Using Insanity As Grounds For A Divorce

Posted on: 17 March 2016


Insanity or mental illness is an acceptable ground for divorce. However, it comes with some potential complications that you should know before making your divorce application. Here are three such complications:

The Required Level of Proof Is Challenging

Because insanity is such a devastating and complicated health condition, you would think that it would be easy to divorce a mentally ill spouse. Unfortunately, nothing could be further from the truth. You may have to prove these issues to the court:

  • Your spouse's condition is incurable – A medical expert will be needed to declare your partner as mentally ill and satisfy the court that the condition cannot be reversed.
  • The illness has lasted for some time – Some states require you to prove that the condition has lasted for a minimum period, so you have to wait for this period to elapse before you can file for divorce on this ground.
  • Institutional care – some states will require proof that you have tried to make your spouse well, and you are taking good care of them before granting you divorce with insanity as a ground. The only way to show this is to provide records for inpatient or institutional care for the spouse.

The Mentally Ill Spouse Cannot File For Divorce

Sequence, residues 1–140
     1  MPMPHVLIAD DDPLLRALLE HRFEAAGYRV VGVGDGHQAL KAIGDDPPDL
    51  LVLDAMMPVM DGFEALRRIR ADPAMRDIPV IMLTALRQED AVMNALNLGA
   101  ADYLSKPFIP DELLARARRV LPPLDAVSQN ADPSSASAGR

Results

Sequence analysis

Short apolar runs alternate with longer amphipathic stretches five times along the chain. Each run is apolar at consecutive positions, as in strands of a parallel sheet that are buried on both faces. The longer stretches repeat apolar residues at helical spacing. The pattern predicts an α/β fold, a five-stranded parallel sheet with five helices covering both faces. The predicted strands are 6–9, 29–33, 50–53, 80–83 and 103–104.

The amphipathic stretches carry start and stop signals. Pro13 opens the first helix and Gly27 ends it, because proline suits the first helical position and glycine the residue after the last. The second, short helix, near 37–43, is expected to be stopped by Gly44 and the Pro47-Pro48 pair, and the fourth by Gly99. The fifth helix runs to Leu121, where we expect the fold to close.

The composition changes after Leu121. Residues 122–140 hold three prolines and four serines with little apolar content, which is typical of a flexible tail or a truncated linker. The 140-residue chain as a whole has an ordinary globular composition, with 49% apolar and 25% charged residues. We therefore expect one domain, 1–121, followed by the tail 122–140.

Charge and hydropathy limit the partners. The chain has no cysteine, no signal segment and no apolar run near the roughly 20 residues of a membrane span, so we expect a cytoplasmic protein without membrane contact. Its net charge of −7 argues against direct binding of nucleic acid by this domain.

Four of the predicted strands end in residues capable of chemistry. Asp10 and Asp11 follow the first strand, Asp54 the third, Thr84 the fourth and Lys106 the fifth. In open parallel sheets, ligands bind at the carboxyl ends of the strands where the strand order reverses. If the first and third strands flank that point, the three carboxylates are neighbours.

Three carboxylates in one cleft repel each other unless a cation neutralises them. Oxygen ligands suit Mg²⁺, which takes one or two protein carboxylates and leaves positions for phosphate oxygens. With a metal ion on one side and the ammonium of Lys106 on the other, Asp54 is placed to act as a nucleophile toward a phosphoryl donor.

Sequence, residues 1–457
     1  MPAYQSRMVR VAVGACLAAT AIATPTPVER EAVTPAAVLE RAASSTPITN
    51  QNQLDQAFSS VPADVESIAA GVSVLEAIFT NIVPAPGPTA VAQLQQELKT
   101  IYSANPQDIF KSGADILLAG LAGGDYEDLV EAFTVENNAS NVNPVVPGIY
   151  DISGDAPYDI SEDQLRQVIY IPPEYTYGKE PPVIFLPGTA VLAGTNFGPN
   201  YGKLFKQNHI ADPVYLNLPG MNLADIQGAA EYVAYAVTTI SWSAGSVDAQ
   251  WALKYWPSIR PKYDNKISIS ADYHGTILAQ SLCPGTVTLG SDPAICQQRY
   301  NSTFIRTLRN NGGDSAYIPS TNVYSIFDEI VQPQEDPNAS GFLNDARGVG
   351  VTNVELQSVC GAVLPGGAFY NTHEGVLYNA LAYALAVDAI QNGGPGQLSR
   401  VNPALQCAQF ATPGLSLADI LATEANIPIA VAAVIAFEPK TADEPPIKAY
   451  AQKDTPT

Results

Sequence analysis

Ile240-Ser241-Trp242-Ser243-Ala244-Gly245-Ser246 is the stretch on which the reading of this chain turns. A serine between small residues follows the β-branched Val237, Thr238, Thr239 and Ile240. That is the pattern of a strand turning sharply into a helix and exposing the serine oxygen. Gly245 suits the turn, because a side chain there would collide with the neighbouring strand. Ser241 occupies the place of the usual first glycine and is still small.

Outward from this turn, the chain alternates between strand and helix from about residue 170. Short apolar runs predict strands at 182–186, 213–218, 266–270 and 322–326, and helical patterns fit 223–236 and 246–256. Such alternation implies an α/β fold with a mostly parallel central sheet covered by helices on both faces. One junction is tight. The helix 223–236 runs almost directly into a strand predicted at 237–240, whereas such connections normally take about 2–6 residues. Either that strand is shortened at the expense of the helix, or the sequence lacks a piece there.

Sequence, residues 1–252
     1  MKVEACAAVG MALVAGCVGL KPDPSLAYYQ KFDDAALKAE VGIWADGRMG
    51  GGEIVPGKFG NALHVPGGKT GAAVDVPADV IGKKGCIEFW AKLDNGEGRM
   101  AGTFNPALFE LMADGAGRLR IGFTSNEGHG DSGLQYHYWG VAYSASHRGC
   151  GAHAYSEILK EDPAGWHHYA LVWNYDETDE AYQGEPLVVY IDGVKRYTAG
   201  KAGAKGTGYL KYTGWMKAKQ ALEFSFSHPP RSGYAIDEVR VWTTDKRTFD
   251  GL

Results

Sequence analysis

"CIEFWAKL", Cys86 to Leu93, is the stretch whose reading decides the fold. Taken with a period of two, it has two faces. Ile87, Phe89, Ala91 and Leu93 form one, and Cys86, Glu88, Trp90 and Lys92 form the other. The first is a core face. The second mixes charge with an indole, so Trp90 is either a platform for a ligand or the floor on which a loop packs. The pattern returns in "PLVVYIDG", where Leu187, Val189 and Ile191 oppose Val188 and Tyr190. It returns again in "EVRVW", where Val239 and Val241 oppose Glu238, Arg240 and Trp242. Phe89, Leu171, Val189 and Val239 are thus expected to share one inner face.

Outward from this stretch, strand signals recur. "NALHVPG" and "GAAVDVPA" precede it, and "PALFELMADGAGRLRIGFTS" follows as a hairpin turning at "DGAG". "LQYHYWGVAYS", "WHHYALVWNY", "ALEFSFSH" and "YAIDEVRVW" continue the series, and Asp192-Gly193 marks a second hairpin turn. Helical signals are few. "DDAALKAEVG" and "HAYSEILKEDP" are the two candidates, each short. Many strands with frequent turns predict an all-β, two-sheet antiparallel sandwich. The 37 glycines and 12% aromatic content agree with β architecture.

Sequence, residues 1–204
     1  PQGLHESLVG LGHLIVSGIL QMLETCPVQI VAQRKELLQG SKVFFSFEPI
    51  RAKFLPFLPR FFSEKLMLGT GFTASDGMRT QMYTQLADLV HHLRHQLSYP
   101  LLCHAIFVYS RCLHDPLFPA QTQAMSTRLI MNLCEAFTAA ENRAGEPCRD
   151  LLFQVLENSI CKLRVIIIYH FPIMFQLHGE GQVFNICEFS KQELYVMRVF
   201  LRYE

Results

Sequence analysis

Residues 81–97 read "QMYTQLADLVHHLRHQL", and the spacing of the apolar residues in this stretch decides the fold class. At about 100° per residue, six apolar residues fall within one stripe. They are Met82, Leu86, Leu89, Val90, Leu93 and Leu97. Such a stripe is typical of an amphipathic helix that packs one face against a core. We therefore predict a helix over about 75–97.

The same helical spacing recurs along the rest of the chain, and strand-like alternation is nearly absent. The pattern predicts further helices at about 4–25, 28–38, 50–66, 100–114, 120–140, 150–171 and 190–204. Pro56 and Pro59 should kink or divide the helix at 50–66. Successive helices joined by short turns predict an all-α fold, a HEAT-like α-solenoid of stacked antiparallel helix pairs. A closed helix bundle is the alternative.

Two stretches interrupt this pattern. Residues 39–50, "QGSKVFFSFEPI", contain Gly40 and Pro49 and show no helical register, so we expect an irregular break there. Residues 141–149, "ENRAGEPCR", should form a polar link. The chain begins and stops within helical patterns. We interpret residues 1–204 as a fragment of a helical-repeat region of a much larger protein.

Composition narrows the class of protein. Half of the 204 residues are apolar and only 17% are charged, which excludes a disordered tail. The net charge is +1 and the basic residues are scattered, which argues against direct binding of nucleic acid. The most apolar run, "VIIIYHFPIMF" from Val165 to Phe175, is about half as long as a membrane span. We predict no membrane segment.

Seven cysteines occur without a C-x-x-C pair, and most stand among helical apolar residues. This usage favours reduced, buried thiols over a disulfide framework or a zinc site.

If a couple wants to use insanity as grounds for divorce, the sick spouse cannot be the one making the application. Therefore, if you have mental illness and want to divorce your spouse because of it, your best bet is to convince them to make the application.

Unfortunately, this isn't always as easy as it looks. For example, while you may have the noble idea of divorcing your partner so that you don't burden them with your condition, they may have a different opinion. Some partners

The Divorce May Take Longer Than Usual

Citing insanity as a ground for divorce adds one complication that other couples do not have – choosing a conservator or guardian for the mentally ill partner. As you know, a mentally ill person is incapable of representing themselves in legal matters, such as marriage.  This means the court will have to appoint another person to act on their behalf. Unfortunately, the process of appointing the conservator can take as long as several months.

Therefore, you need to think carefully before putting down mental illness as the ground for your divorce. Have a candid consultation with a divorce attorney, review your state laws, and decide if that is the way you want to proceed.